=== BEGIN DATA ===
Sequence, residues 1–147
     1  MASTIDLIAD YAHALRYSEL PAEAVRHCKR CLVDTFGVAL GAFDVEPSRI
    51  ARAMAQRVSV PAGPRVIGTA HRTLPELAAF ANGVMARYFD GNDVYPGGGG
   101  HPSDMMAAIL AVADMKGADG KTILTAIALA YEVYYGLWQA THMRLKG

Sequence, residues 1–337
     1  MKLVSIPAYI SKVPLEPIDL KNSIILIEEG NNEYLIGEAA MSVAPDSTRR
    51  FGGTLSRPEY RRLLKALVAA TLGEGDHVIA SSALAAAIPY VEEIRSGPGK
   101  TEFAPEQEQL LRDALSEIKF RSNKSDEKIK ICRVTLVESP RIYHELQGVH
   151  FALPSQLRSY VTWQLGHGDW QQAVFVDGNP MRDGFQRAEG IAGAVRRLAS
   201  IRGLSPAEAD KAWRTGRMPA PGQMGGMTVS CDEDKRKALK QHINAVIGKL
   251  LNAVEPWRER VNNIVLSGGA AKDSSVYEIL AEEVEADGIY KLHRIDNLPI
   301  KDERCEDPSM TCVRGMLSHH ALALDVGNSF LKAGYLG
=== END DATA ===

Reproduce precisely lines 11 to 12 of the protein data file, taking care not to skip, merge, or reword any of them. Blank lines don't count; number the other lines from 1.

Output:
   251  LNAVEPWRER VNNIVLSGGA AKDSSVYEIL AEEVEADGIY KLHRIDNLPI
   301  KDERCEDPSM TCVRGMLSHH ALALDVGNSF LKAGYLG